London’s Sedulus invest their gargantuan stoner rock riffs with a rich melodic sensibility and a hint of psychedelia. M3 spoke to their band about their ‘pay-as-you-please’ album and EP, and how this method can be used for merchandise too…
M3 – First of all, could you tell us a bit about yourself, and what it is that you do?
Sedulus – Sedulus are based in London, UK. We play our own brand of heavy stoner metal riffs and groove with layers of psychedelic ambiance thrown in for good measure.
What inspired you to start Sedulus? What is your own musical background?
We have known each other since school and have been in a band since we were about 15/16. A few line-up and genre/sound direction changes happened along the way, as our musical tastes changed. We began playing covers of Nirvana, Metallica, Green Day and 90’s Brit-Pop, Oasis and Blur etc as well as a writing a few originals. Sedulus was born when we settled on the current line up and had got into listening to more grunge and stoner rock & metal.
Prior to forming the band in school, we had each been taking music lessons for a number of years. I actually learned to play the flute before switching to the guitar (a decision I am very pleased about…) Amit, our other guitarist had learnt classical guitar at school.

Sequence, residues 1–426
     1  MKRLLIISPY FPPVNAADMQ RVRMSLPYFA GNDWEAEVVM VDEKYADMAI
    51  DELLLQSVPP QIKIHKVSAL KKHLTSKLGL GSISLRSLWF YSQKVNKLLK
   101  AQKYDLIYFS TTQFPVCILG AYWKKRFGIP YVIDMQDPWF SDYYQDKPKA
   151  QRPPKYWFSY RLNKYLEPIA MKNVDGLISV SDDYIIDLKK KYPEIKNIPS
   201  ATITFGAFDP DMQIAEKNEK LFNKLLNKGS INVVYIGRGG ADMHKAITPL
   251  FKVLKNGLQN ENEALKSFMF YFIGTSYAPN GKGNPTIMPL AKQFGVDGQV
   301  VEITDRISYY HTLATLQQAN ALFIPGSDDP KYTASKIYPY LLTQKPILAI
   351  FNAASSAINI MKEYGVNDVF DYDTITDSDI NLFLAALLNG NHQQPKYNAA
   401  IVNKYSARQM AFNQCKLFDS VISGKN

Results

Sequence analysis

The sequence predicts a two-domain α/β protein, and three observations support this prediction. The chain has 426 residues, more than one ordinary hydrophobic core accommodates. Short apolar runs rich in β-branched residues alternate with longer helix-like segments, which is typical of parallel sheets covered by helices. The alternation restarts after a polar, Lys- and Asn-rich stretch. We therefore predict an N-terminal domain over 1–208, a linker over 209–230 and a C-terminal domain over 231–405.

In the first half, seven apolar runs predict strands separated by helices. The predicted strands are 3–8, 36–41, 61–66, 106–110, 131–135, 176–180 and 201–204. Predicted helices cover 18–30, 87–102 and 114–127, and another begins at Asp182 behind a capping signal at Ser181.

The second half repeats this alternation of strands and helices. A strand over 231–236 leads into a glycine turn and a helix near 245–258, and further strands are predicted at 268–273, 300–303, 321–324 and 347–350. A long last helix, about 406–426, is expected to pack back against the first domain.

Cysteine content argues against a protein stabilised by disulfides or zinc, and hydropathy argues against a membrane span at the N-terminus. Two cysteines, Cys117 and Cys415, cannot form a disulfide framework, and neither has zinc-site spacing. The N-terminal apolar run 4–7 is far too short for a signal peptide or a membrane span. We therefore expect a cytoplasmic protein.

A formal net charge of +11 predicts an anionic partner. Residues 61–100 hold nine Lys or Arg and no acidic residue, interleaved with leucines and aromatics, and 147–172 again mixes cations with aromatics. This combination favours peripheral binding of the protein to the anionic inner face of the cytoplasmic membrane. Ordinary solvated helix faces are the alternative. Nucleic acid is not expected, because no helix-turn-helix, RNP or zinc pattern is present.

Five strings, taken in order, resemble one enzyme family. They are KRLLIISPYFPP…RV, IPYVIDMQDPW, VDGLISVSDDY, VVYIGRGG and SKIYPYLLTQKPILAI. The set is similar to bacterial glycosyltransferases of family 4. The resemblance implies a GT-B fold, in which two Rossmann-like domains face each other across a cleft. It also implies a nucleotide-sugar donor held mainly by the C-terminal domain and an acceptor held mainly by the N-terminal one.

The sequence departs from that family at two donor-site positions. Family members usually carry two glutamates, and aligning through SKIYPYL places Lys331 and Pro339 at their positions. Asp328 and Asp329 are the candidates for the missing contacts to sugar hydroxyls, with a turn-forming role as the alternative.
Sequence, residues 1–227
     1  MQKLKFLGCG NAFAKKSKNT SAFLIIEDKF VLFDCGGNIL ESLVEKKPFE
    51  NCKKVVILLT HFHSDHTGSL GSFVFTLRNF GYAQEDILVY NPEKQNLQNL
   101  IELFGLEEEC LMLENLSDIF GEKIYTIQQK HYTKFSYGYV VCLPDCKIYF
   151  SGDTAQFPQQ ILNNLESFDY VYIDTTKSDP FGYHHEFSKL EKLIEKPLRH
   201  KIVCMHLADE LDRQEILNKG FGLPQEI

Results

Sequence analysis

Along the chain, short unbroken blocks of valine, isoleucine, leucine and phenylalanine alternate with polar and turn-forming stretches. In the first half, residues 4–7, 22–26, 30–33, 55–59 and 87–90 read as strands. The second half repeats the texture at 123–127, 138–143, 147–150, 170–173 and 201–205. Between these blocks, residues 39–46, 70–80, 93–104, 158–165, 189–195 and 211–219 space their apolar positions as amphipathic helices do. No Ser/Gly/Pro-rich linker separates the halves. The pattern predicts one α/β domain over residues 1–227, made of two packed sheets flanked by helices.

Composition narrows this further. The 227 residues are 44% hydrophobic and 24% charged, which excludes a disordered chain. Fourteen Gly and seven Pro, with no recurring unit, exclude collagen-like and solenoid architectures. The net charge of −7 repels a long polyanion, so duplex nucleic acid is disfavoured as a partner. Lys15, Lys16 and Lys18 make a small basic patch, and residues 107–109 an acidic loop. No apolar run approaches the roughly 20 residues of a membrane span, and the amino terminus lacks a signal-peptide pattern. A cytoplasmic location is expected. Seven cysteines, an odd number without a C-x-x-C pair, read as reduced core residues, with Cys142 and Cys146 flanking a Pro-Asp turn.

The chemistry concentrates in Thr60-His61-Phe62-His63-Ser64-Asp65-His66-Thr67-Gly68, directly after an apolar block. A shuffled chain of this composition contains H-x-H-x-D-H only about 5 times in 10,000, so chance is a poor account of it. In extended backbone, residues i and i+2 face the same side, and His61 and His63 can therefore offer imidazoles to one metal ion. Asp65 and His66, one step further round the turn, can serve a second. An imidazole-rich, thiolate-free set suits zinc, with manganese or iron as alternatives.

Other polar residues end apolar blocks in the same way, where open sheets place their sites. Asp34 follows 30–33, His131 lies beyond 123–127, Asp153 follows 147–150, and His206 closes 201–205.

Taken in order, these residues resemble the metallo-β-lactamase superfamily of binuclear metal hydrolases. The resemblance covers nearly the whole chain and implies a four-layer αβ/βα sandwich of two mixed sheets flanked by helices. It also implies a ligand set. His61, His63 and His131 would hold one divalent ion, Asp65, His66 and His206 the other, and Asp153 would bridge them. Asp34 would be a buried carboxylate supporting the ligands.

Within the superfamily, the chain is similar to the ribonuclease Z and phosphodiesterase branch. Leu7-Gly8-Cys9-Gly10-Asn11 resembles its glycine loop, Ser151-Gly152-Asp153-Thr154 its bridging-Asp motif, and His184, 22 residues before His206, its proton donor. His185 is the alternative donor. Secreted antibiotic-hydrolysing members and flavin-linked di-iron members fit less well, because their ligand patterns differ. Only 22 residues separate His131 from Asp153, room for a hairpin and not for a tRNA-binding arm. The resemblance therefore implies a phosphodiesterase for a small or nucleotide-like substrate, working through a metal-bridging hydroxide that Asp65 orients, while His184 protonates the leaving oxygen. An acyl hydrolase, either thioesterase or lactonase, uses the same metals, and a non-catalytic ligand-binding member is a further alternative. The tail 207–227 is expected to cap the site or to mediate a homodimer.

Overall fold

What was the reasoning behind making some of your recent releases available for free or ‘pay-as-you-please’ download?
We are not really at the stage with this band where we make much money at all. We certainly aren’t anywhere near leaving our day jobs to pursue music full time. So all our activity really is aimed at promoting the band and spreading the word, with the aim of progressing, getting more exposure and bigger shows.
At this moment in time, we would rather people had the music than not have it. If that means giving it to them for free, so be it. But at the same time, we really appreciate people paying for the music, which helps us to keep on following our greatest passion.
We’ve discussed this in depth in the past, do we give our music away for free or charge for it? It does seem that when putting a price on it, people feel it’s worth more?
I think when people see “pay what you like”, rather than “free”, it puts the ball in their court so to speak, so rather than not thinking too much about it and downloading, they have to make a decision – am I going to pay for this, or download for free? We are happy with either outcome – the fan gets the music. Hopefully they will think, “I’ll help the band out and give them a few quid”, as this is my mindset when I buy music as a fan.